• Editor’s note: This is a column written by Brian Hoovler and Bryce Kish, two seniors at Millennium High School who write for the Tracy Press. For this column, they take opposing sides of an issue for the sake of argument.
Brian Hoovler: Harvesting stem cells from aborted fetuses is wrong.
Bryce Kish: Well, if it is wrong to harvest stem cells from aborted fetuses, is it so wrong to harvest them from cloned fetuses?
BH: The question in that case, Bryce, is whether it's unethical to clone a human being.
BK: Is it?
BH: Yes, Bryce, it is.
BK: OK. Maybe you feel that way about clones becoming actual humans and integrating into our society, but surely you don’t object to clones created purely for the purpose of harvesting stem cells, do you?
BH: And what? Turn what was once a human cell into a stem cell factory?
BK: So you’re saying you wouldn’t give up a few of your skin cells to cure Parkinson’s disease?
BH: Yes, I would give up some of my skin cells, but skin cells and embryos are two different things, Bryce.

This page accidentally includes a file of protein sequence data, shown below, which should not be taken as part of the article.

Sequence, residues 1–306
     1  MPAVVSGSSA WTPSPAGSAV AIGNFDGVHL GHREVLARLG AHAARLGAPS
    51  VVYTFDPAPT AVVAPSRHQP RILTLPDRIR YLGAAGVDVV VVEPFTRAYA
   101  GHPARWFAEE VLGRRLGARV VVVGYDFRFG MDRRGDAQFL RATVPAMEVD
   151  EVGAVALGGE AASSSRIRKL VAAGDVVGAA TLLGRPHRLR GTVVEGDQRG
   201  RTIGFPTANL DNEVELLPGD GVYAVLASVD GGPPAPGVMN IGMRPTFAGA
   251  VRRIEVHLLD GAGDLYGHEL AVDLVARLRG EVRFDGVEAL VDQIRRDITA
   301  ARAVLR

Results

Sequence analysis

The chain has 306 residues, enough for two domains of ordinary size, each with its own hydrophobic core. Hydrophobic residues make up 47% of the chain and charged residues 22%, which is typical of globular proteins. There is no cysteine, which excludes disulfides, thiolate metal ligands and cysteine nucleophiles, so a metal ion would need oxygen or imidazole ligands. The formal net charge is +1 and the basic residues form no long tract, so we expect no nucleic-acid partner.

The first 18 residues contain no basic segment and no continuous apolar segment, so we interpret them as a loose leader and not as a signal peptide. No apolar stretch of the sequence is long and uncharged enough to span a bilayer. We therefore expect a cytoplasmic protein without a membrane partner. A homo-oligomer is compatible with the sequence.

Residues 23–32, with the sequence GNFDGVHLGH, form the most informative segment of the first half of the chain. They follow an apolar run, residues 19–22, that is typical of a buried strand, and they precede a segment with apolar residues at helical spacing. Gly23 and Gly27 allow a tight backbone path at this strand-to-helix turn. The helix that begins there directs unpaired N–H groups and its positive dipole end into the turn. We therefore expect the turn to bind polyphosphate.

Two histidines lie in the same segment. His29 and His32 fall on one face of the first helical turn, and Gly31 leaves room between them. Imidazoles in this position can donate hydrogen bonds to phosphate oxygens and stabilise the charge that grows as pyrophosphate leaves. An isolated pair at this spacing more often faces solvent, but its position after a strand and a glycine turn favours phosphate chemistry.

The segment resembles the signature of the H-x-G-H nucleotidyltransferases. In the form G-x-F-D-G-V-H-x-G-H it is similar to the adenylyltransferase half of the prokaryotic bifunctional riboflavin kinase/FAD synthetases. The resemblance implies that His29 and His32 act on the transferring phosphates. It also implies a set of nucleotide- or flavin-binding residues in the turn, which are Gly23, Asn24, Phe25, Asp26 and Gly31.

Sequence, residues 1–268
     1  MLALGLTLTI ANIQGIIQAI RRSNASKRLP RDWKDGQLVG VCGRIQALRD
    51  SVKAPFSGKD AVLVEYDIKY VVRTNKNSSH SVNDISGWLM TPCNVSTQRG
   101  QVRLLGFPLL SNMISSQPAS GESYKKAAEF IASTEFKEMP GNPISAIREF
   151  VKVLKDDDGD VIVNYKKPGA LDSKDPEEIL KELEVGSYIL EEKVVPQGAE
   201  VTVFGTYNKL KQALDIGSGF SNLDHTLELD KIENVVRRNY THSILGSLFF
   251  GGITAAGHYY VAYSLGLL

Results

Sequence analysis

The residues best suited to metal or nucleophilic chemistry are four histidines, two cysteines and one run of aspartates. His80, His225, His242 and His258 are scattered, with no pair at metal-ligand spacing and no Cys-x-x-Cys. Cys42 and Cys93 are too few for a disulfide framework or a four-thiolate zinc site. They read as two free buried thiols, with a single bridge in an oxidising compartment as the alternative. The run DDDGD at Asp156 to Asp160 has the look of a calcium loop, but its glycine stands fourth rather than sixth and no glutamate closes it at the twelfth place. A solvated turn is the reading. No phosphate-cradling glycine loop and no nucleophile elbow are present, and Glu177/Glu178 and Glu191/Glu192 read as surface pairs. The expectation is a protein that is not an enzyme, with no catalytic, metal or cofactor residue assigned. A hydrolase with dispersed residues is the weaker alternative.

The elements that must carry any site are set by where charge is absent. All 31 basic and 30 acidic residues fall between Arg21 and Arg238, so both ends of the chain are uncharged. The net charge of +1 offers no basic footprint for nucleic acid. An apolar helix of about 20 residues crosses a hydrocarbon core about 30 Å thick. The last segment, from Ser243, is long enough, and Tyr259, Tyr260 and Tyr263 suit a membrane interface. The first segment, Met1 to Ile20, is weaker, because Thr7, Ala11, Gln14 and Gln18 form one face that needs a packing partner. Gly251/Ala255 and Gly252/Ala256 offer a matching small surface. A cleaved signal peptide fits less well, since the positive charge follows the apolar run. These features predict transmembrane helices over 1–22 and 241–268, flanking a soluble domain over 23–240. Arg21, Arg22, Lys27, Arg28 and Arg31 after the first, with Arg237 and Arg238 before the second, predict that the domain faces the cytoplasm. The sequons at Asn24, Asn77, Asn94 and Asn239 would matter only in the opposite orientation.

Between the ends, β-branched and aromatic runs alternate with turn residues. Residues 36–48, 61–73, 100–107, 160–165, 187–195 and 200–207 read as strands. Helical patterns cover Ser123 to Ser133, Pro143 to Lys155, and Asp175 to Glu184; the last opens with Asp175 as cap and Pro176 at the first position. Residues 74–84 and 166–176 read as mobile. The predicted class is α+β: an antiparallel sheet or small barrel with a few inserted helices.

BK: Look, you don’t like harvesting stem cells from unborn fetuses because it’s like taking a potential life, right?
BK: Well, it’s not really the same in cloning. See what they do is they take an egg cell, they put a human skin cell in it and then it becomes an embryo. But because we’re not really sure if it can grow up to create life yet, it’s only supposed, it’s not really like taking a life, it’s just like making stem cells.
BH: Look, all I’m saying is that it’s not right to kill a fetus to get the stem cells, OK? If you want to get them from some other place, say the umbilical cord, fine by me.